Faced with 80-hour+ work weeks, and what must be a disastrous influence on their mental health and quality of life, at what point does an oath to ¨do no harm¨ extend into the mirror? Only each individual can offer a definitive answer to this question...the problem is that we somehow think of the medical field as a monolith. A resource we can simply tap into at will. How do we reward these exceptional human beings for the countless sacrifices they make, the holidays they´ve lost, the mental anguish of bearing witness to grim death every day?
Best case scenario, they get a round of applause they can´t spend anywhere.
Worst case scenario, some jackass accuses them of being in on a conspiracy even as they spend their last breaths coughing COVID into the air around them.
It can be easy to forget that willingness is a commodity in and of itself.
This sense of entitlement is perceptible in something as simple as a hospital´s treatment capacity being defined by number of beds available instead of the number of medical staffers available to attend them--you can stack beds floor to ceiling but you still need doctors and nurses to provide care--but it becomes impossible to ignore when you hear people mock estimates of the COVID death rate, which typically range between 1 and 3 percent.
¨Between 1 and 3 percent¨ may not sound like much on paper, but we don't run our complex modern world on paper. Imagine if, over the next few months, imagine if, over the next 6 months, even one out of every one hundred medical professionals in the US...DIED??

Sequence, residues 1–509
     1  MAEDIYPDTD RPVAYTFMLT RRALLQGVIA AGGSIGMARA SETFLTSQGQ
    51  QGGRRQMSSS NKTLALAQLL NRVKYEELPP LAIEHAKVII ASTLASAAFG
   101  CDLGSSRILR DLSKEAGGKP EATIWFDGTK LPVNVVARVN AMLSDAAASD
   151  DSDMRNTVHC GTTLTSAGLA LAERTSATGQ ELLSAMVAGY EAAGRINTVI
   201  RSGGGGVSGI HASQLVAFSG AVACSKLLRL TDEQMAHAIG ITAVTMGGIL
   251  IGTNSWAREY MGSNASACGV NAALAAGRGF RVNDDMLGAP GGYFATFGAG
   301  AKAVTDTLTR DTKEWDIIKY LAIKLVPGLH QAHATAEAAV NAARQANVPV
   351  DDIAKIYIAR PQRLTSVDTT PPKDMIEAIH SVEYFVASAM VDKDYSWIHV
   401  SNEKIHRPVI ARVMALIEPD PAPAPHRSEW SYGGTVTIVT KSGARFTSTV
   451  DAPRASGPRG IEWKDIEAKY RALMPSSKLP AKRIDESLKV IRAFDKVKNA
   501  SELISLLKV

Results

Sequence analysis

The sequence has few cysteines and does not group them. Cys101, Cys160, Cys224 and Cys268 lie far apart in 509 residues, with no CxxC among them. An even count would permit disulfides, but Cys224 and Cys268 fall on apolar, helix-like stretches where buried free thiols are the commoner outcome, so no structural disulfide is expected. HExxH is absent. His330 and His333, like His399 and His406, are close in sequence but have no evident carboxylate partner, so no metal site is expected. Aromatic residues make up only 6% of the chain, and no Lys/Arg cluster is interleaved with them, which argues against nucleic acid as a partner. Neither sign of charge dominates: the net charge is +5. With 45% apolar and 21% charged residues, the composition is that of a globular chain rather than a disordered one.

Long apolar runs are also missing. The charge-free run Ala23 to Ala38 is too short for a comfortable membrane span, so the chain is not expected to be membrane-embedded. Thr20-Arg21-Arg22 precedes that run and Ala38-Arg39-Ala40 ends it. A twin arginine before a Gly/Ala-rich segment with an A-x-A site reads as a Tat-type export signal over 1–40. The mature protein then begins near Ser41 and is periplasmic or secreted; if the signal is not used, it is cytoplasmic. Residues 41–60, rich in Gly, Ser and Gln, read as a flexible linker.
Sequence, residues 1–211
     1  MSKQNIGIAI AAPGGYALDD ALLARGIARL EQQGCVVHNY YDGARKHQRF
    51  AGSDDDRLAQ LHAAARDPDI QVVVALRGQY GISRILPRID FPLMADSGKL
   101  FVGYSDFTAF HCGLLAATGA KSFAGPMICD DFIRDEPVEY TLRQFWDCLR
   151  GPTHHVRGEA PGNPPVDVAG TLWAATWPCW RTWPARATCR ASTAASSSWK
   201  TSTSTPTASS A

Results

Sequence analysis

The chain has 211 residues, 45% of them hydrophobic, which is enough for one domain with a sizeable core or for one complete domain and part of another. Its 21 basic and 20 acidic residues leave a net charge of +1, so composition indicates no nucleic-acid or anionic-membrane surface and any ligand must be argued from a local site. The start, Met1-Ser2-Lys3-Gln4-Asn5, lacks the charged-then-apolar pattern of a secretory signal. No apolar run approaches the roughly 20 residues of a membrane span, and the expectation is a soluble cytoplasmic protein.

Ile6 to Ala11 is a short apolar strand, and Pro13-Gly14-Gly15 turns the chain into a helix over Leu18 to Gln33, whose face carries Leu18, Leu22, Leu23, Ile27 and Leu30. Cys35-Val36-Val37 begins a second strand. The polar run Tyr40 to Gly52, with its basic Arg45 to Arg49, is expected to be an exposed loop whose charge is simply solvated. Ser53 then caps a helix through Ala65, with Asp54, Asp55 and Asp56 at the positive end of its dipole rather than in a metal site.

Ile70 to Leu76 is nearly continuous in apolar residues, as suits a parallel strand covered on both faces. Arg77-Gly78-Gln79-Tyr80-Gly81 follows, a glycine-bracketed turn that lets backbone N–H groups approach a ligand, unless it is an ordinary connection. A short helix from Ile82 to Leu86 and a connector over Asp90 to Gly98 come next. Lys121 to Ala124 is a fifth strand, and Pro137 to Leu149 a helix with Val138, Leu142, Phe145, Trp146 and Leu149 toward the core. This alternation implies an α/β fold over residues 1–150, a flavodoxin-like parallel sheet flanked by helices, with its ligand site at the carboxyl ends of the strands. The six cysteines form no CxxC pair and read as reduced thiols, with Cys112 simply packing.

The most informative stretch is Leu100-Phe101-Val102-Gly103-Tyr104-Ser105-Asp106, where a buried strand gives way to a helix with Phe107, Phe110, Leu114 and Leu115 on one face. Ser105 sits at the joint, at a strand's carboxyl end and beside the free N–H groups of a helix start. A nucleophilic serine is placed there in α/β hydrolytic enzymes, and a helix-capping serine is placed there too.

How many hospitals just got short staffed to the point of collapse, how many other nurses noped right tf up out of there afterward? Hell, how many years of study and knowledge just got lost?
It is disturbing to know that many believe the wheels can keep turning under these circumstances, relying on 5th string cardiologists, traumatized hospital staff, and rush-program replacement nurses to answer the bell on the most devastating global health crisis in living memory.
Here staring out of the abyss and into our souls in these unpredictable hours is a distasteful truth: we see some of our most valuable citizens--the human beings keeping this train on the tracks--as completely expendable.
This is not a new phenomenon...the attitude has long been obvious to those forced to see it.
Our current circumstances reflect the way some segments of the population have always treated service workers...anyone who has ever faced the public knows it runs rampant in our world.
We´ve all seen the videos of alleged people just walking into a Wendy's or Wal-Mart and exposing their most problematic traits...it doesn't matter, the workers are not real people.
People with lives, feelings, and aspirations off the clock.
By the same token, it´s not surprising to see the way nurses are being thrown in the fire right now by hospitals more concerned with profitz than ensuring the safety of their staff and by a public seemingly intent on making their jobs as hard as possible.
They're not people, not really...just service. The help. An app with skin.
The American public seems to genuinely believe that it can just lean on these frontline folks indefinitely, treat them like cattle while our good times roll right over their overworked backs.
Finding out different is gonna prove a very hard lesson for a nation loath to learn them.